Somewhere along the line, the Yo-Yo industry went from a market flooded with plastic yo-yo’s and a few select High End Metals, to a market Flooded with High End Metals and Plastics. This does not make choosing a yo-yo any easier.
Currently, the $ 20-40 plastic market, also known as High End Plastic, does not have that many entries. The Velocity has already proven it’s staying power, the FHZ is a classic, and YoYoJams HG series was a fan favorite before the cost of production shot up. We have Two new entries into this market though. The YoYoFactory Grind Machine, and the YoYoJam Legacy.
Name: Grind Machine
First Impressions –
The Plastic Grind Machine comes in YoYoFactory’s extremely well designed product packaging. The YoYo looks solid, and familiar. It has more of a beefy appearance then traditional YoYoFactory yo-yo’s, and in your hand feels very similar to the FlyMaster in 1a configuration. The material immediately reminds me of a FHZ, hard polished plastic. The weight ring doubles as an IRG, creating an attractive area for the YYF’s branding of the yoyo, and the removable rubber rings tell the player “Hey, You can play me how you want,”
The Legacy comes in YoYoJam’s traditional box, but blows you away with super intensive Foil backed graphics that really pop out at you. With a similar shape to the Dark Magic, the Legacy is extremely familiar in you hand. The plastic is almost soft with how smooth it is, but is resistant to scratching. It feels almost like a true Delrin, but is actually Celcon, which gives it s smooth and slippery feel. The art on the Foil Caps almost look 3D as it internally shadows itself when viewed at an angle.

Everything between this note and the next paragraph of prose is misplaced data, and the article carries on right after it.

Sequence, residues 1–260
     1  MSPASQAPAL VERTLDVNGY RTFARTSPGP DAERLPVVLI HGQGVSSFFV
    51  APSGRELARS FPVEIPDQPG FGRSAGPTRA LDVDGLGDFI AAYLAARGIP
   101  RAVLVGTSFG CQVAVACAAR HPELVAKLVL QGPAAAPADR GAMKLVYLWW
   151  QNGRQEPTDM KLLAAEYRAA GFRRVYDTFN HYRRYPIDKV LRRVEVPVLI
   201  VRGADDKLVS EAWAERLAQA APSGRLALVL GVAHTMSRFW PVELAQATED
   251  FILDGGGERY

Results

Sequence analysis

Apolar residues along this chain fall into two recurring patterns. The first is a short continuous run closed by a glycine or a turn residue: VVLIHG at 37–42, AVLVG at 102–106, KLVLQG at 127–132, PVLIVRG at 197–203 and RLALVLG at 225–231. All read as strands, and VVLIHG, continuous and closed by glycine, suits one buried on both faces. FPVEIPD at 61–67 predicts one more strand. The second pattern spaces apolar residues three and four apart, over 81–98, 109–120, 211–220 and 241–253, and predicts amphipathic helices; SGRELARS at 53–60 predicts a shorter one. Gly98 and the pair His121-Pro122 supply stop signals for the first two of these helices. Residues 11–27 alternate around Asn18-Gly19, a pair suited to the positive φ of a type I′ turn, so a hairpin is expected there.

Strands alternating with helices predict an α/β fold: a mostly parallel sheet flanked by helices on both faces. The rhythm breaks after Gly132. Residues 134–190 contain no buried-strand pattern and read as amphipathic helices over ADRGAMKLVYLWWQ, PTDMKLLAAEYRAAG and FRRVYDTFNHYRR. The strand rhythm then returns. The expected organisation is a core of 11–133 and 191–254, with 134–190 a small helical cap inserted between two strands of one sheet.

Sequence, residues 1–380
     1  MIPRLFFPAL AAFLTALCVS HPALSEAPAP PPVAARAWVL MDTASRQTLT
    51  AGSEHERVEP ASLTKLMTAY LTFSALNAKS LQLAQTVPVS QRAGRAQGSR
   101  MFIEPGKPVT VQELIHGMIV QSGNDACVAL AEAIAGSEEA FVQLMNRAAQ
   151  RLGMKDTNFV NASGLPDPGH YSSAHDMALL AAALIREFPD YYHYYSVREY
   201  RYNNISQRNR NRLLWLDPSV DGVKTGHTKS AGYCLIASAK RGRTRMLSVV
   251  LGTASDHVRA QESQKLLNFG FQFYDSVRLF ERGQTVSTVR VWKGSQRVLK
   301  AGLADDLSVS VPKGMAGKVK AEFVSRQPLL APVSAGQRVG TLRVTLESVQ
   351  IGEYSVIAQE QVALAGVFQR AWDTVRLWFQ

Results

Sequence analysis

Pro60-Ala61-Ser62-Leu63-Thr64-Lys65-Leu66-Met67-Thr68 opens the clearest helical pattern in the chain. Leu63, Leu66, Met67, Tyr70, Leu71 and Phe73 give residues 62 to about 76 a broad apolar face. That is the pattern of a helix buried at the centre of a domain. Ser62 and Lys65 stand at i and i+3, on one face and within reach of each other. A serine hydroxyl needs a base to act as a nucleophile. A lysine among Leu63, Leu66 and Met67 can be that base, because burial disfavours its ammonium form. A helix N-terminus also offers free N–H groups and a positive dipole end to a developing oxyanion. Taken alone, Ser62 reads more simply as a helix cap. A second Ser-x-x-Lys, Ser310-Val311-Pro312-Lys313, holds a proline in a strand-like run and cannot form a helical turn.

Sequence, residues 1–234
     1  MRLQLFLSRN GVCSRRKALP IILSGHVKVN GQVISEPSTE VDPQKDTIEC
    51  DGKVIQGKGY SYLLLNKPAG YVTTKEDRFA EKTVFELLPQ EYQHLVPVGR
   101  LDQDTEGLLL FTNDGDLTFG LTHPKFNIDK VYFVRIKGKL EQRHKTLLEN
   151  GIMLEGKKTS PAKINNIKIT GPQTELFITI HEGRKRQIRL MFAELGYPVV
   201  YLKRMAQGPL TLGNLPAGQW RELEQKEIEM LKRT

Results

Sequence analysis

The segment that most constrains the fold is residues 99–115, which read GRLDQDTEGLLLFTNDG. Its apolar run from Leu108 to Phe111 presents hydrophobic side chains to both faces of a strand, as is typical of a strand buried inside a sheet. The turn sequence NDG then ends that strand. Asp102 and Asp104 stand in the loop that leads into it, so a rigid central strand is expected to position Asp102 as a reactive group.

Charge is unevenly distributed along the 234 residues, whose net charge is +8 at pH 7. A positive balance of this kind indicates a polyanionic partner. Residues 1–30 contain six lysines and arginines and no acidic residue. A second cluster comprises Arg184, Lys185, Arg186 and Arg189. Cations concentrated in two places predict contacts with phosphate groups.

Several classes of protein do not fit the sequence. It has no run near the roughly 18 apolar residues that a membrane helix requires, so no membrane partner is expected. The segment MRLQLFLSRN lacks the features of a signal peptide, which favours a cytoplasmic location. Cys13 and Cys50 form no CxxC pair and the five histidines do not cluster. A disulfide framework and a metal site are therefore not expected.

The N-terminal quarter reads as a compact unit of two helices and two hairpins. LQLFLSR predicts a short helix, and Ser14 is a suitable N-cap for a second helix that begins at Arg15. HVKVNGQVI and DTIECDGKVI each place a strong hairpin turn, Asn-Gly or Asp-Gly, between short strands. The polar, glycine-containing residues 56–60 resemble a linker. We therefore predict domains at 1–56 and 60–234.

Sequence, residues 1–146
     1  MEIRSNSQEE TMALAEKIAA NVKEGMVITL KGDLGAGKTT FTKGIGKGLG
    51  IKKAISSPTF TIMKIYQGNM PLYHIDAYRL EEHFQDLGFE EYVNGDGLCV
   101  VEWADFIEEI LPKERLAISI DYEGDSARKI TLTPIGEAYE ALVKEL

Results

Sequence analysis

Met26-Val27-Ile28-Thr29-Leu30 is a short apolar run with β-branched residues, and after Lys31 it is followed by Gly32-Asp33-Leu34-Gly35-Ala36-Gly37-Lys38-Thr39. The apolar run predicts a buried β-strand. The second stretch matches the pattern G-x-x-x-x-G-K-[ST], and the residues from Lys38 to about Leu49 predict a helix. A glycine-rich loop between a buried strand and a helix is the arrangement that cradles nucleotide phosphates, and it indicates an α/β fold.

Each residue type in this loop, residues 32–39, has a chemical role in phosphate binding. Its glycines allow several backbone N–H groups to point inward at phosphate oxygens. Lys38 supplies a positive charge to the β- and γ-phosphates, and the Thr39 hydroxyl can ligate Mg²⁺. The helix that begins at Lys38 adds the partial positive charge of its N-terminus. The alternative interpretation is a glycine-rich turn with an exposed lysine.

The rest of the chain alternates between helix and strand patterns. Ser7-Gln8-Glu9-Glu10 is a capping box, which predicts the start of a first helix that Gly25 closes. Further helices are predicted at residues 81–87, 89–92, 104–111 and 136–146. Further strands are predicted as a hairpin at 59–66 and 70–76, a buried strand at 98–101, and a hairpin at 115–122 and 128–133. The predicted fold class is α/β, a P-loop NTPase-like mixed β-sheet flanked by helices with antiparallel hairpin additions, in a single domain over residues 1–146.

Winner: Tie – Both yo-yo’s come at you with different aspects. The GM says “Classically, Less is more” while the Legacy says ‘Party over Heeaare”
The Grind Machine is meaty. Just a hair wider and with a slightly bigger diameter, the GM hits you in the hands slightly uneven. The Meat of you thumb is the part of your hand most likely to hit the yo-yo on catch, and the Grind Machine just down not sit evenly on that cushion. On a throw, the GM is vibe free and the mere 63 grams fly around at speeds that rival a Skyline, but in your hand it is clunky and unforgiving. The plastic is a bit gripy after hand perspiration sets in, making grinds a little more complicated. On a humid day, the Grind Machine may suffer from the same problem the FHZ’s have, that being stickiness.
The Legacy, just a hair thinner and with just a slightly smaller diameter, has a much more dramatic curve in the catch zone profile. Because of that extra space, it rests comfortably on the meat of your thumb and when caught, hits both sides of that cushioned area. On the string, the Legacy plays much like a Dark Magic, so much so that you almost wonder if it is the Dark magic in disguise. The Celcon provides a slick cold surface that ignores your hands chemicals and grinds regardless if you just stepped out of the shower.